This blog is on a mathematical concept: Pascal’s triangle. This is an absurd thing for me to undertake as my knowledge of maths is based on an O level in 1952 with a touch of statistics in University, but now that I’m old I’ve realised it’s OK to be absurd and it’s absurd to try to be sensible all the time.

First the maths, which is very neat. Pascal built a triangle of numbers: at the top of the triangle is 1, the next line has 2 numbers 1 and 1, the following line 3 numbers 121 and so on

1 1 1 1 2 1 1 3 3 1 1 4 6 4 1 1 5 10 10 5 1

Add any two numbers on one line and the number below is the sum of those numbers. There are many more interesting things that can be done with this number pattern, take a look on https://www.mathsisfun.com/pascals-triangle.html .

Pascal’s triangle gets its name from the French mathematician and philosopher Blaise Pascal {19 June 1623 – 19 August 1662} but he wasn’t the first to discover it. In Iran the triangle is referred to as the Khayyam triangleas it was discovered by the Persian poet-astronomer-mathematician Omar Khayyam (1048–1131). He wasn’t alone though; Pascal’s triangle was known in China in the early 11th century through the work of the Chinese mathematician Jia Xian (1010–1070). In the 13th century, Yang Hui (1238–1298) presented the triangle and so it’s called Yang Hui’s triangle** **in China. In India it was known by Pingala, an ancient Indian poet and mathematician who lived around 300 BCE. He wrote the Chandaḥśāstra, where he analysed Sanskrit poetry mathematically and gave the first known explanations of Pascal’s triangle.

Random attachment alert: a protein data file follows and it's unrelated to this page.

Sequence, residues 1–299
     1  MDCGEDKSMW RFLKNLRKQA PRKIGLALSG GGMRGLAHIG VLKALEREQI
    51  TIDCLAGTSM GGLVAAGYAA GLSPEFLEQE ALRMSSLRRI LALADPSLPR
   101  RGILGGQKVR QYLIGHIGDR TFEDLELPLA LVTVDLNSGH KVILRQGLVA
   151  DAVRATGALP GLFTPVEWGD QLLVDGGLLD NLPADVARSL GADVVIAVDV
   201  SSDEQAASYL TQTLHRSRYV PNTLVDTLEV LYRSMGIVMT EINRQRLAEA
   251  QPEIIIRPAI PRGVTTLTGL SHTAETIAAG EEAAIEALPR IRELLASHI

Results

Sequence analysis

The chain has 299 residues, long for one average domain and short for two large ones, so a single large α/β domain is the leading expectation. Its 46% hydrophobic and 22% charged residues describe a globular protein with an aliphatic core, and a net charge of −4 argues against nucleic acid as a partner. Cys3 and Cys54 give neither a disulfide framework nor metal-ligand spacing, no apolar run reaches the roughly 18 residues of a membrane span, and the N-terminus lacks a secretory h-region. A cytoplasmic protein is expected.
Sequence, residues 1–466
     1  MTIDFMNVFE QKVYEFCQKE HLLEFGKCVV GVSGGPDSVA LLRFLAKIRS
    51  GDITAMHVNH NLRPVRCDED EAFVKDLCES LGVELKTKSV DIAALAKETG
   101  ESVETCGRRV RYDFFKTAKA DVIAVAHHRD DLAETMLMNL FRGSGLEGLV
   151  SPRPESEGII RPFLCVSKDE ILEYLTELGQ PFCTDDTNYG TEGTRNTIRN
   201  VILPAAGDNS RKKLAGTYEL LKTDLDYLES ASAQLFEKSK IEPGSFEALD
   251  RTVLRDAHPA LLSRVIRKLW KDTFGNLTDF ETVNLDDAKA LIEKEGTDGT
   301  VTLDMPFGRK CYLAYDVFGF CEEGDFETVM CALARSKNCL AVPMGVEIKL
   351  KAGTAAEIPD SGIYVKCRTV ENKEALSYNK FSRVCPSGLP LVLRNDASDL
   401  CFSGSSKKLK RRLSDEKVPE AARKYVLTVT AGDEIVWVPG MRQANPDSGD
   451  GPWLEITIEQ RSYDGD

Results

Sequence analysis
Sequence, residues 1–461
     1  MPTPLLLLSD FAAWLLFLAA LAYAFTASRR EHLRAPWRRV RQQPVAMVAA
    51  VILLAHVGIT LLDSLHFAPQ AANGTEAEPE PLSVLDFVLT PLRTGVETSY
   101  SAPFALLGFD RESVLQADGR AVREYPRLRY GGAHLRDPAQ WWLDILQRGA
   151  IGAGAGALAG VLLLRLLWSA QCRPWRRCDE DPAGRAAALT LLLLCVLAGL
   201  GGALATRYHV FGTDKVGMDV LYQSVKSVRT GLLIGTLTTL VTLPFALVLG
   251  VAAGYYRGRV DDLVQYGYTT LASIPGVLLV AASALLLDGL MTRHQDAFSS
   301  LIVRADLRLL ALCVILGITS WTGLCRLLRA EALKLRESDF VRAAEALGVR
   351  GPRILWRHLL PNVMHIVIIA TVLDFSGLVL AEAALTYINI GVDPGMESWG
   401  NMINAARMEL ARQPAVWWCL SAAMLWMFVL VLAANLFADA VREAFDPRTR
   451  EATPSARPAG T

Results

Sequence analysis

Pascal is also known as a philosopher and author of *Pensees*, a compilation of thoughts on life in general, but particularly on religion and the necessity of belief in Christ. He wrote the Pensees at a time of religious controversy in France when a sect known as the Jansenists, to which Pascal belonged, was at odds with the more powerful Jesuits. Omar Khayyam is best known as a poet who wrote the Rubaiyat (though it may not have been entirely his work). This long poem can be interpreted either as an example of mystical Sufism or of epicurean opposition to orthodoxy.

Many people today would feel mystified by the preoccupations of these men but imagine what Pascal, Khayyam, Yang Hui and Pingala would have felt if they could meet each other, how bemused each would have been by the others view on everything except the triangle that bears their names. It seems rather amazing to me that the properties of this triangle can be understood in any culture or century, and if our civilisation should fail and all knowledge was lost this triangle could be rediscovered anywhere at any time.

I am in awe of these mathematicians who were also poets and writers and their triangle full of possibilities. I offer a small poem.

Triangular Ode to Maths

O t o s e e d e e p e a r t h s t r i n g b i n d i n g g a l a x i e s r e c o g n i s e t e r r e s t i a l i n t e r l a c i n g m i r a c u l o u s l y t y i n g t h e w o r l d i n m a t h e m a t i c a l s k e i n s o f s u p r e m e b e a u t y a n d b i n d i n g w i t h f a u l t l e s s y a r n t h e d e c i p h e r e d w o r l d

Anne Bryan